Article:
Power, control, and mercy.

Homily 343 – 34th Sunday after Pentecost
Holy Transfiguration Orthodox Church, Ames, Iowa
January 20, 2019
Epistle: (257) – Colossians 3:4-11 and (335) – Hebrews 13:17-21 (Ven Euthymius)
Gospel: (93) – Luke 18:35-43 and (24) – Luke 6:17-23 (Ven Euthymius)

In the Name of the Father, and of the Son, and of the Holy Spirit, One God.

What does it take to ask for Mercy?

The blind man, whom we know as Bartimaeus from the account of St. Mark’s Gospel, asks our Lord to have mercy on him. We do that, frequently. In fact, all of our prayer is a cry to our Lord for mercy.

Yet, there seem to be prerequisites to asking for mercy. Foremost, is that the person has power over you. One cannot grant mercy if they do not have power.

The person has control – a form of power, made manifest and real. Perhaps control even to the point of being a threat.

We might think of mercy as something said to a bully, in self-preservation mode.

So while we recognize the position of the other, maybe more important that the position of the other, is our own.

In the face of power and control and even threat, a response to call for mercy is perhaps a last resort.

And in what we see and hear in the Gospels, Christ was no threat to anyone. And yet everyone – the blind man today especially – calls out for mercy.

The people recognize the power of God. They recognize the control of God.

But they also recognize their own inadequacy. They cannot heal themselves. They cannot care for themselves, become whole on their own.

They recognize that no one else can heal them either. They have hope – the coming Messiah.

When the blind man asks what is causing the commotion, he is told “Jesus of Nazareth”. And yet he calls him “Son of David” which is saying “Messiah”.

He recognizes that Jesus is the Messiah. And in Jesus is one who not only can, but will heal.

The blind man was humble enough to admit that he couldn’t obtain what he desired by his own strength. And to call out after Jesus.

Not only did Bartimaeus recognize in Jesus the Messiah, but he was persistent, continuing to call out.

Making an audacious claim in the process. Perhaps the reputation of Jesus had preceded him into Jericho.

Jericho was a place of humility. In the Old Testament, the Israelites marched around the walls, blowing trumpets, in obedience to God. Not an ordinary siege, to say the least. I’m sure the Israelites, led by Joshua, may have felt a bit foolish.

They didn’t proclaim their own strength – but God showed His strength. God revealed His love and power and control.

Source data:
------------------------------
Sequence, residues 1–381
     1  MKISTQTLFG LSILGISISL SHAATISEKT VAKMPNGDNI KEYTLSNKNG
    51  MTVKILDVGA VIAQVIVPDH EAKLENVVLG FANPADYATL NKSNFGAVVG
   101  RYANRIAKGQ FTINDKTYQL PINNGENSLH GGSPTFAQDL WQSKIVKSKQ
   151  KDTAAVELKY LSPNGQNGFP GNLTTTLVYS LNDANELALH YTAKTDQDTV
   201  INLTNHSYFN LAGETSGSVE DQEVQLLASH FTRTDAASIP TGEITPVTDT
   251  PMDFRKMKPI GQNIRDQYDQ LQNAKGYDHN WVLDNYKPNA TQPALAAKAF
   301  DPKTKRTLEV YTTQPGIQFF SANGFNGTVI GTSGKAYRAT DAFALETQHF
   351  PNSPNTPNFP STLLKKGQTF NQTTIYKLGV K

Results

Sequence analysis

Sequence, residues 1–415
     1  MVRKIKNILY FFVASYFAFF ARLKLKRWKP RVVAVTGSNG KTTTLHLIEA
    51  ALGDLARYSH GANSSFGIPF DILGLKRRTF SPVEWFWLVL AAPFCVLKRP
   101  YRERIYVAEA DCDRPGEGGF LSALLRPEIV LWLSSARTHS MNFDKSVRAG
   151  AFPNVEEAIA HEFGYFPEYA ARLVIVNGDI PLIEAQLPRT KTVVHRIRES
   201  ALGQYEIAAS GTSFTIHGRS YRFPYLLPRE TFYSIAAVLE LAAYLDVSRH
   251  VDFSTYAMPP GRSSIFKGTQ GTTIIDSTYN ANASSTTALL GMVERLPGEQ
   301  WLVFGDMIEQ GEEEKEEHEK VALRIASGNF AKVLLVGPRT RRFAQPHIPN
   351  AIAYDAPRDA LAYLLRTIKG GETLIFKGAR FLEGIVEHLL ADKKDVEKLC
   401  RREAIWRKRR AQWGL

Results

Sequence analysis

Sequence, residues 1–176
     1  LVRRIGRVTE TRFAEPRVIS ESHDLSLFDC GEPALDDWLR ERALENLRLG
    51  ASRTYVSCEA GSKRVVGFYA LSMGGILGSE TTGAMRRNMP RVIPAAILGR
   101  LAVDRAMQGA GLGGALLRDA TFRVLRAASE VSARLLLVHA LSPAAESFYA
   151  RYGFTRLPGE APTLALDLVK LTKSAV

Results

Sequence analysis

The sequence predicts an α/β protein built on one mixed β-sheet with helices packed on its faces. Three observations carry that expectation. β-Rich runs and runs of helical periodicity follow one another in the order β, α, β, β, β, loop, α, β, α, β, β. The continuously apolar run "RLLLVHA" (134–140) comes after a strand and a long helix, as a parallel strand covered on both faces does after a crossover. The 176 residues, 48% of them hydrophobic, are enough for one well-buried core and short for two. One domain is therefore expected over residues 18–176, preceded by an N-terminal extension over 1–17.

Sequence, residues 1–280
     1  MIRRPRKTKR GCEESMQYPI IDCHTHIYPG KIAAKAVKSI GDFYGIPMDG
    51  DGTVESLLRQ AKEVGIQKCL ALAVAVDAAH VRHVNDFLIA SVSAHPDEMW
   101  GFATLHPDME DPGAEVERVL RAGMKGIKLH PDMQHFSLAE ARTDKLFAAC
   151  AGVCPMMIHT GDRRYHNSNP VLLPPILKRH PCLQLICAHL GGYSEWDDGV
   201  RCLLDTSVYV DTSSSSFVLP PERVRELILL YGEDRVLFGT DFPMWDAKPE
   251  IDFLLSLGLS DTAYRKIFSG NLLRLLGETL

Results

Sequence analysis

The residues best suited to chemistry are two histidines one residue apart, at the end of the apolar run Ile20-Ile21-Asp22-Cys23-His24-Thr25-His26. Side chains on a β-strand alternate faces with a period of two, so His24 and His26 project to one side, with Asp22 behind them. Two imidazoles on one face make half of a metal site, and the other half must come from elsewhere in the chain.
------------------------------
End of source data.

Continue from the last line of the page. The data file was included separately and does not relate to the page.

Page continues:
On the northwest outskirts there is a mountain, called the mount of Temptation, also called “of the Forty Days” where it is said Christ spent the forty days of his temptation fast.

Jericho was also the place where Zacchaeus climbed up the tree to see our Lord.

All of these acts – acts of humility, acts of obedience – were met with mercy from God.

Similarly, the blind man humbled himself, and called out for what was necessary. He didn’t attempt to hide his weakness. He didn’t place blame.

He asked for mercy. And he received it.

Then, the account tells us he continued to follow Christ – and glorified God over his healing.

Are we able to ask for mercy?

Are we too proud to ask for mercy? Are we so proud that recognizing our weakness in the face of the utter power and strength of God is beyond us?

Do we also recognize, believe, and proclaim, that Jesus is the Christ, the Messiah?

That is the evidence of faith. No self-sufficiency here. Total dependence. No threat – just desire for healing, and the trust that the one we ask is able to heal, and able to provide mercy.

Like Bartimaeus, we cannot see Christ – we can only hear of Him. We experience Him in the Eucharist, of course, but that is still an unseen manifestation of God.

Are we also persistent in our calls for mercy? Persistence is also evidence of faith.

Are we humble enough to be ridiculed? Will we persevere even when people around us try to shut us down?

If we endure – if we have faith – if we are humble – God will indeed honor his promise and heal us by joining us to Him.

Because there is no imperfection in God.

In the Name of the Father, and of the Son, and of the Holy Spirit, One God.